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Some friends to help out with the aphids indoors this winter :)

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I'll post back once all the plants are indoors. Happy Harvests THP :cheers:
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Posted 07 November 2011 - 06:39 AM

Hey gnsingr,

Heck, I purposely look for a budding branch, the growth continues.
You can propagate ANY time as long as your cutting from the green portion of the stem not a woody part

Greg

#49 sfmathews

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Posted 07 November 2011 - 12:07 PM

Thanks for posting, it is timely. I wanted to try this for the first time this year, but wasn't sure how to go about it. Now I have no worries!
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Posted 07 November 2011 - 03:56 PM

Well, the mothers finally got the axe today. This is one of my favorite parts of the year; its a bitter sweet time for me as well. Hate to see it end, but know next year is right around the corner. :)

Posted Image

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Can you see the roots coming out of the bottom of the branch? Look closely and you'll see little nodules reaching down, much like on tomato plants.

Posted Image

the plants are indoors. Happy Harvests THP :cheers:


All that hard work payed off, you've got some outstanding "matured" plants...
Nice idea with the mason jars, and that series of photos shows that you are an "Articulated Gardener"
and very meticulous at what you do, I like the "tarped rows" and the organization...

Good luck your O.W. topic

Greg

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Posted 07 November 2011 - 09:13 PM

Thanks for all the kinds words guys! I just like to share knowledge and learn right along with everyone else. Where would we be if everyone kept to themselves what was supposed to be passed along? Nowhere substantial, that's for sure. :cheers:

All that hard work payed off, you've got some outstanding "matured" plants...
Nice idea with the mason jars, and that series of photos shows that you are an "Articulated Gardener"
and very meticulous at what you do, I like the "tarped rows" and the organization...

Good luck your O.W. topic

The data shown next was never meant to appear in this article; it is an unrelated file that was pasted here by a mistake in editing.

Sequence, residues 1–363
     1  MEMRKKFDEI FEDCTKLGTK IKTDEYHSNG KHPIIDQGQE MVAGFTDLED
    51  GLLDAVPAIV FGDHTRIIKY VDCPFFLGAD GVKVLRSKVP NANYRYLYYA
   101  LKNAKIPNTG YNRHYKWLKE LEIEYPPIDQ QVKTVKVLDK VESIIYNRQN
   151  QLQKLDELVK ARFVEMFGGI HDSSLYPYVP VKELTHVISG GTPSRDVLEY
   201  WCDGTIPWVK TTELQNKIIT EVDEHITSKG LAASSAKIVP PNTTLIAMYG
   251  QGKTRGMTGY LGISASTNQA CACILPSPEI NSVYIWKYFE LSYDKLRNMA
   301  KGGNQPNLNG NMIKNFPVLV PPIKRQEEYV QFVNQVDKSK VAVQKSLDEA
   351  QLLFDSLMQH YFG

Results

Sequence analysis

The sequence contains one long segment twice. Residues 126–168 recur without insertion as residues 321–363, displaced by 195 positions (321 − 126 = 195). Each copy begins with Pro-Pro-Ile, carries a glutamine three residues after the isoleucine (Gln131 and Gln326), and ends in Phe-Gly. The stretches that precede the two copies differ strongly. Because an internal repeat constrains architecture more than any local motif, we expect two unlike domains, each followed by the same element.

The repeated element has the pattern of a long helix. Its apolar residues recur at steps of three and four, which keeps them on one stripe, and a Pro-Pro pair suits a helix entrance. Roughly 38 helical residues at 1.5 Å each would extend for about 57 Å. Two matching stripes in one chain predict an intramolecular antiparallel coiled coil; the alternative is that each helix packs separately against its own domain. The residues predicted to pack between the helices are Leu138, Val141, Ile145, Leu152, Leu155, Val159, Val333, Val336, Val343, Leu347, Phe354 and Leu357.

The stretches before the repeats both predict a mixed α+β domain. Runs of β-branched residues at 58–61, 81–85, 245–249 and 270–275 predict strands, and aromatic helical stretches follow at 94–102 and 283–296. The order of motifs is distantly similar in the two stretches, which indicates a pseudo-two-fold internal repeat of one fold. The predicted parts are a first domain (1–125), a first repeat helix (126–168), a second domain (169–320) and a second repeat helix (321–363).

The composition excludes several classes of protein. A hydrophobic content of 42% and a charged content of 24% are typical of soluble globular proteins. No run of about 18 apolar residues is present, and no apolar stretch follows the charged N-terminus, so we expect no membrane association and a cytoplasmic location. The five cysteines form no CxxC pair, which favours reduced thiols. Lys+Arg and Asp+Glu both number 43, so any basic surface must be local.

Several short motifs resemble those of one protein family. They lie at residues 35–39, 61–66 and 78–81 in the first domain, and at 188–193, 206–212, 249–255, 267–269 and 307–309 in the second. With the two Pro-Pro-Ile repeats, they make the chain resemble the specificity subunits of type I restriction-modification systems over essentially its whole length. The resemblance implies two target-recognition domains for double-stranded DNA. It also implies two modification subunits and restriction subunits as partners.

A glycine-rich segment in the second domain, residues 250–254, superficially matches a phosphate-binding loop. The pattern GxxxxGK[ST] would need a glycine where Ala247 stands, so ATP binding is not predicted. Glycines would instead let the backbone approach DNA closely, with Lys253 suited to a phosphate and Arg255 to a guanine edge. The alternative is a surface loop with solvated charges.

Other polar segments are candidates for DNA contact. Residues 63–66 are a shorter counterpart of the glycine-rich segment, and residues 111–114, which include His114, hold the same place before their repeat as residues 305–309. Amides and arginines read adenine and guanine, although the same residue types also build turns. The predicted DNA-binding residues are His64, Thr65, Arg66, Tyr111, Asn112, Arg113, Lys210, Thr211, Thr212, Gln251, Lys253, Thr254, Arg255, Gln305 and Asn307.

Greg


I am a bit meticulous at times. It pays to form good habits. I learned the hard way coming up as a grower in the beginning. Always trying to short cut things and never really understanding what the plants needed from me. I learned that so long as your habits and practices are inhibiting good results, it often times becomes easier to do well than to mess things up :) lol

Funny you should say that, because before you even said that, I had recorded a short vid during the final harvest that day the pictures were taken. My intentions for the video was to show my "plant to mason jar" practice and how to pick those stubborn pepper strains without tearing up your plant. Some of them can be a real pain to pick because no matter how good you are at bending the flower stems, they just don't seem to want to come off of a hardy node. Here's the vid and sorry about the first attempt at demonstration...lol it works out in the end... :lol:

http://www.youtube.com/watch?v=K-9D_ceDht0

Edited by Pepper-Guru, 09 November 2011 - 12:31 PM.

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#52 wrightdaddy

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Posted 25 November 2011 - 10:36 AM

Great information.nice pics I love this site so much valuble info and great people wish I had found it earlier
come on ice cream!!!

#53 joydeep

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Posted 04 December 2011 - 03:27 PM

yes, nice thread, i had many q regarding overwinering my chiliplants, as i have prunned them leaving only few leaves and main strongest stem with a bit doubt...but seems it normal practice in cold countries

#54 souf

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Posted 05 December 2011 - 06:26 PM

thanks for the tutorial!
keep it green
youtube.com/watch?v=WKQkf2xte38

#55 Smiter Q

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Posted 08 December 2011 - 01:54 PM

If I ever start to see the presence of aphids, I treat with a great organic mixture of sulphur and pyrethrins. The two are all natural pesticides, fungicides, and bactericides. ......

This is literally the ONLY thing I would ever have near my food.


Can you please explain this more. As to what to use and what ratios?
For us new folk wanting to use natural, this would be very helpful.

Really great service this thread is!

Thank You

Edited by Smiter Q, 08 December 2011 - 02:05 PM.

Brian W. - Keeping the Armor On - Eph: 6-11

#56 Pepper-Guru

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Posted 09 December 2011 - 11:15 AM

Can you please explain this more. As to what to use and what ratios?
For us new folk wanting to use natural, this would be very helpful.

Really great service this thread is!

Thank You

Sure. Most of the organic sources of sulphur you are going to find are going to be of volcanic origin. There are too many places out there on the interwebs to mention just one and they change up all the time. Most likely you will find this in powder form. Same with Pyrethrins, its just extract from the seed cases of the plant pyrethrum. The best way to find your ratios is to experiment. You want your mixture to be just around 10% sulphur/pyrethrin concentration. I use about 2-4 oz per gallon of water. Making your own is much cheaper and more flexible, but if you want some pre made stuff then go with a product. There are many out there. Bonide makes a great one called "fruit nut and Orchard spray". Try that if you want something now. You can find it at any hardware store just about. :)